I do believe that the image of Los Angeles, not the Los Angeles of the Flower Power era but the Los Angeles of the American good life, the high consumption of materials and energy resources, was very much the image which determined Milton Keynes as it has been built. I think, and this is a little bit in hindsight, I think Pooleyville was much more concerned with a kind of conservation approach, an efficient use of resources type of approach. For example, there is no mention in the Milton Keynes Plan about the generation of electricity, the use of waste heat from electricity, the question of distributing that kind of resource around the city. We tried to look at the city as a total system, not just a physical system. That’s something that I rather liked about the Plan.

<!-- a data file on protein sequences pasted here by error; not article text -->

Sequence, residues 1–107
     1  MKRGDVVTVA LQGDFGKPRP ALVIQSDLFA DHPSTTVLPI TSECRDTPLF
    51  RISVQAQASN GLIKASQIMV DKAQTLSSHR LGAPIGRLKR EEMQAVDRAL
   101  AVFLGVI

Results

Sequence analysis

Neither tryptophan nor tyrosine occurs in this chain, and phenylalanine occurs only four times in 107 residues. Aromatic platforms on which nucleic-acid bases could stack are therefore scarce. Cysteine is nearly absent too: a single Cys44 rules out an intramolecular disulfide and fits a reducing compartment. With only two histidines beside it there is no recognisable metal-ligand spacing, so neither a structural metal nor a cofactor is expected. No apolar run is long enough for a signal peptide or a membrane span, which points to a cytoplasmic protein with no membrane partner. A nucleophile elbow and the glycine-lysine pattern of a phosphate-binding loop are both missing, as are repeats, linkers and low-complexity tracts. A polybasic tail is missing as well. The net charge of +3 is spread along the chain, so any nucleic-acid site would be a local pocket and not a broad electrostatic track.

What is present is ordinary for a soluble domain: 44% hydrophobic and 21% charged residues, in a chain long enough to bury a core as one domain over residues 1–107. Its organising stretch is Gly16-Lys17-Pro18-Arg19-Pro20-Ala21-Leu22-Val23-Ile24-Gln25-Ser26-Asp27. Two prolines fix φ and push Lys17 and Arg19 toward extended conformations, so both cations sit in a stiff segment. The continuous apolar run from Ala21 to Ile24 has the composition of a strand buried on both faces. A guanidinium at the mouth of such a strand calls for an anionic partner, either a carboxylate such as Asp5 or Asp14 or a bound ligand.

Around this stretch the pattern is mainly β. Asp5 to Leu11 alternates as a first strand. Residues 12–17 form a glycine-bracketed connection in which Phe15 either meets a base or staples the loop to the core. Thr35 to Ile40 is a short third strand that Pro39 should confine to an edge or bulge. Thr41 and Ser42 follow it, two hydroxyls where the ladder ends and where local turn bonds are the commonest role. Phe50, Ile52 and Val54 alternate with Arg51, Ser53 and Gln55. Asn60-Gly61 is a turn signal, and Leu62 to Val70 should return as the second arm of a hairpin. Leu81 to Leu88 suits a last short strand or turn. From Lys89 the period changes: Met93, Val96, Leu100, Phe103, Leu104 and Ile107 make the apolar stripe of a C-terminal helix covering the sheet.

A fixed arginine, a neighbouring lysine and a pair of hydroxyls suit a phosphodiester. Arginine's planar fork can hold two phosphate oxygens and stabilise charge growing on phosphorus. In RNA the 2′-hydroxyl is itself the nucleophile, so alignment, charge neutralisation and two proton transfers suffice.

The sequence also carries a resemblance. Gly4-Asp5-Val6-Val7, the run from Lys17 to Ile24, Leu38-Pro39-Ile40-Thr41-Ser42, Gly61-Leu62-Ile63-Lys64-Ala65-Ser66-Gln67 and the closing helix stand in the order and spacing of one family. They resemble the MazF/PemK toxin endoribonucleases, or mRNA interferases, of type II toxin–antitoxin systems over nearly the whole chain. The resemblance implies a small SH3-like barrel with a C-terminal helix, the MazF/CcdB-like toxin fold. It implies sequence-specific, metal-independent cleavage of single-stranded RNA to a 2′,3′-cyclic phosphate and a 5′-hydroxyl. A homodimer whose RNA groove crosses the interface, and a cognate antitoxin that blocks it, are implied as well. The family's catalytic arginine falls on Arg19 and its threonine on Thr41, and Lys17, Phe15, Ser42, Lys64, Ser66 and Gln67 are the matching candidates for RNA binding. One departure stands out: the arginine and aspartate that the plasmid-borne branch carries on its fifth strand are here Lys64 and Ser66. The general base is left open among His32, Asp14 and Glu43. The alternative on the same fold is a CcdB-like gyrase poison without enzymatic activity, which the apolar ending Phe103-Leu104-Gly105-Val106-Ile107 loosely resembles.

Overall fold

Question Wasn’t the idea of the city being built by the County always an unrealistic planner’s dream?

Answer Certainly not. This was something that was gone into very very carefully and had the total backing of the Councillors. It was quite on the cards for the County Council to designate an area of land, to acquire it and to develop it itself and certainly it was very high in the County’s mind to involve private investment. No, it’s a perfectly feasible proposition.

Question Why do you think Jock Campbell rejected the idea of Fred Pooley as Chief Architect and Planner of Milton Keynes?